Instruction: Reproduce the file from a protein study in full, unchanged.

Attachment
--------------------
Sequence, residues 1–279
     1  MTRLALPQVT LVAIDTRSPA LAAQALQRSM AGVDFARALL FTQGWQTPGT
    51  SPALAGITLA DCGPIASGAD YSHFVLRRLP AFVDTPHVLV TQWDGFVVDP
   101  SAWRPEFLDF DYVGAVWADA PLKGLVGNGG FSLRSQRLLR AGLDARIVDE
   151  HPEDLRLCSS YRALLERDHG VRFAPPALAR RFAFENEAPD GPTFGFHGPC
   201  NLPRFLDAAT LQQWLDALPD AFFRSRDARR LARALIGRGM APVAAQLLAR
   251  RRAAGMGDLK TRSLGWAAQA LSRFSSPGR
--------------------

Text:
Sequence, residues 1–279
     1  MTRLALPQVT LVAIDTRSPA LAAQALQRSM AGVDFARALL FTQGWQTPGT
    51  SPALAGITLA DCGPIASGAD YSHFVLRRLP AFVDTPHVLV TQWDGFVVDP
   101  SAWRPEFLDF DYVGAVWADA PLKGLVGNGG FSLRSQRLLR AGLDARIVDE
   151  HPEDLRLCSS YRALLERDHG VRFAPPALAR RFAFENEAPD GPTFGFHGPC
   201  NLPRFLDAAT LQQWLDALPD AFFRSRDARR LARALIGRGM APVAAQLLAR
   251  RRAAGMGDLK TRSLGWAAQA LSRFSSPGR